indicates to readers that the version of the work they retrieve may be different
from the version you used.
For works that may change over time but have archived versions (e.g.,
Cochrane reviews or Wikipedia articles), a retrieval date is not needed
because the archived version of the page is stable and can be retrieved (e.g.,
via a permalink; see Chapter 10, Examples 13 and 49). The majority of
references do not include retrieval dates; the types that might are noted in the
applicable reference examples in Chapter 10. The retrieval date, when
needed, appears before the URL.
Retrieved October 11, 2020, from https://xxxxx
9.17 No Date
Sometimes the publication date of a work is unknown or cannot be
determined. For works with no date, write “n.d.” (which stands for “no date”)
in parentheses. Put a period after the “n” and after the “d” with no space
between the letters.
Gagnon, R. (n.d.).
The date also appears as “n.d.” in the corresponding in-text citation.
(Gagnon, n.d.) or Gagnon (n.d.)
Title
The following sections describe the definition and format of the title element
(Sections 9.18–9.19) and how to handle series and multivolume works
(Section 9.20), use bracketed descriptions (Section 9.21), and account for
works without a title (Section 9.22).
9.18 Definition of Title
In a reference, the title refers to the title of the work being cited. Titles fall
into two broad categories: works that stand alone (e.g., whole books, reports,
gray literature, dissertations and theses, informally published works, data
sets, videos, films, TV series, podcasts, social media, and works on websites)
and works that are part of a greater whole (e.g., periodical articles, edited
book chapters, and TV and podcast episodes). When a work stands alone
(e.g., a report), the title of that work appears in the title element of the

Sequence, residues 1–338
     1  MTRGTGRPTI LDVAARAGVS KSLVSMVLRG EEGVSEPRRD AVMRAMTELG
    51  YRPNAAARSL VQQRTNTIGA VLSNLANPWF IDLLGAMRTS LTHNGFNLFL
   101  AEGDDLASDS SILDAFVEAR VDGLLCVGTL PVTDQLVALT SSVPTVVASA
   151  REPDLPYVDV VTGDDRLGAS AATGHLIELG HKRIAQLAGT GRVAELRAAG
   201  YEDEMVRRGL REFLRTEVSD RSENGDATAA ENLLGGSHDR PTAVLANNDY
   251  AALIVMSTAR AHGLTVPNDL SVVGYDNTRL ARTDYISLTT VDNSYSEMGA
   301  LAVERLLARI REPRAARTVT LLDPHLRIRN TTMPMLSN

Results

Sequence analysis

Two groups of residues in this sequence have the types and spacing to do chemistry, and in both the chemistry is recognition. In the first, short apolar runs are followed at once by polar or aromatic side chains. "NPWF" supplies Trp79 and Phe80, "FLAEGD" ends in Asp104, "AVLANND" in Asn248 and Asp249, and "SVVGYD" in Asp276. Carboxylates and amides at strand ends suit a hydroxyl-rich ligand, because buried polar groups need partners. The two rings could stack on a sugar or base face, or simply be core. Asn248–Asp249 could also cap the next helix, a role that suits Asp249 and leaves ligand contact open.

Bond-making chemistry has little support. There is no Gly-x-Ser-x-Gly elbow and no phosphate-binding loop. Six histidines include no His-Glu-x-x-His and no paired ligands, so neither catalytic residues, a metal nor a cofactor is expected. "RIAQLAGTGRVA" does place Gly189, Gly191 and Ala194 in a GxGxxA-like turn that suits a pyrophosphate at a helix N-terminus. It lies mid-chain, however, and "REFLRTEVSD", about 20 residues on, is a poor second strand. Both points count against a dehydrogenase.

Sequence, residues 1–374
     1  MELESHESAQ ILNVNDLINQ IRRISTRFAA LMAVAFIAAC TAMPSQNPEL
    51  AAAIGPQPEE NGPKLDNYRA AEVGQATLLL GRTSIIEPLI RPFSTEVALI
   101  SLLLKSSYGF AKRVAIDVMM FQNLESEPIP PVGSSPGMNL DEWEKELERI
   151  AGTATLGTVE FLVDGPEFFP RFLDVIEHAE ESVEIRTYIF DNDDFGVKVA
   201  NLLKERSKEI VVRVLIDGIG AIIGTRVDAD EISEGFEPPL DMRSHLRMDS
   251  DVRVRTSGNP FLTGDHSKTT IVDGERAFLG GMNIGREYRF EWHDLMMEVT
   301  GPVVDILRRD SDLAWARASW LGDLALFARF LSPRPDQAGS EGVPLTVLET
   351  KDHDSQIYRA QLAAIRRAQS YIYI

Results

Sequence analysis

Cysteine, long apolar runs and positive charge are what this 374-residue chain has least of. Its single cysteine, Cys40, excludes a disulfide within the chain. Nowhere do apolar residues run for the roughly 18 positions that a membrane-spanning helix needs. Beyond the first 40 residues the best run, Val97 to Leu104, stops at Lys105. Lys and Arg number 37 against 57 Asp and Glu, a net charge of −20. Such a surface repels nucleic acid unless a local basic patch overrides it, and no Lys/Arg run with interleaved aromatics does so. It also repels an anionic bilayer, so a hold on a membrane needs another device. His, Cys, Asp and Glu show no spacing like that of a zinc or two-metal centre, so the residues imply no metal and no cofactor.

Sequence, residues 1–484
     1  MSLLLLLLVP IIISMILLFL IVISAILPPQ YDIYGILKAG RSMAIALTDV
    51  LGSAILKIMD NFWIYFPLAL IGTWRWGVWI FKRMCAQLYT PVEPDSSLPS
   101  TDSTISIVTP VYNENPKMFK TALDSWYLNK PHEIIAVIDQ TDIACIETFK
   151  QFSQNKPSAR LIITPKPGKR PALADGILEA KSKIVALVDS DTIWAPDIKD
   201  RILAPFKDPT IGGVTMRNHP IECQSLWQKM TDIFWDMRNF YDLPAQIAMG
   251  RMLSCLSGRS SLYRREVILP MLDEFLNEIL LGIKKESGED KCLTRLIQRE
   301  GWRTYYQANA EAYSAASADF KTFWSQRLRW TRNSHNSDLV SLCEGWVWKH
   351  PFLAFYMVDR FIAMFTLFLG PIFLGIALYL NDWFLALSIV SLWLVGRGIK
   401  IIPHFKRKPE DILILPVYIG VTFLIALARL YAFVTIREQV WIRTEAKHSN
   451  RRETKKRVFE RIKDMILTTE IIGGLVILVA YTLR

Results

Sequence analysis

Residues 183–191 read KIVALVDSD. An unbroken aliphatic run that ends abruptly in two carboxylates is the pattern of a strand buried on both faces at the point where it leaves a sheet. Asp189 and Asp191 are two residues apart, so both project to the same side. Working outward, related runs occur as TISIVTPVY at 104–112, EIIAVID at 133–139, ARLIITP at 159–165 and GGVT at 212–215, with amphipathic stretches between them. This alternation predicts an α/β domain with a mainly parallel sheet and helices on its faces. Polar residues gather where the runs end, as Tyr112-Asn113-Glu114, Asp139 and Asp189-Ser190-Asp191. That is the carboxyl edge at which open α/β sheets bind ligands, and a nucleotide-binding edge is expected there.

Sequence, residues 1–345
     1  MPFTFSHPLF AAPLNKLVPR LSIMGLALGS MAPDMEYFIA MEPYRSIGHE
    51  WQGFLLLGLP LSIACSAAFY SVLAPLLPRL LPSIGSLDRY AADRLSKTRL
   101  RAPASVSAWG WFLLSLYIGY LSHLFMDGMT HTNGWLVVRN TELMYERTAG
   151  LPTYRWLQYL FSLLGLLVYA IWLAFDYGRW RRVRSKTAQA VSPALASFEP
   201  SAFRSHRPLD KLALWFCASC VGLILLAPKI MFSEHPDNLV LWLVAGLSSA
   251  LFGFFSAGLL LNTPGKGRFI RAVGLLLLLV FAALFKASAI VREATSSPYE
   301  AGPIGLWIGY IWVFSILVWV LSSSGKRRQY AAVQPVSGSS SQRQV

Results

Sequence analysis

reference. When a work is part of a greater whole (e.g., a journal article or
edited book chapter), the title of the article or chapter appears in the title
element of the reference and the title of the greater whole (the journal or
edited book) appears in the source element (see Sections 9.25 and 9.28,
respectively).
9.19 Format of the Title Element
Follow these guidelines to format the title element.
For works that are part of a greater whole (e.g., journal articles, edited
book chapters), do not italicize the title or use quotation marks, and
capitalize it using sentence case (see Section 6.17).
The virtue gap in humor: Exploring benevolent and corrective humor.
For works that stand alone (e.g., books, reports, webpages and websites),
italicize the title, and capitalize it using sentence case (see Section 6.17).
Adoption-specific therapy: A guide to helping adopted children and their
families thrive.
For book and report references, enclose in parentheses after the title any
additional information given in the publication for its identification and
retrieval (e.g., edition, report number, volume number). Do not add a
period between the title and the parenthetical information, and do not
italicize the parenthetical information. If both edition and volume
information are included, separate these elements with a comma, placing
the edition number first.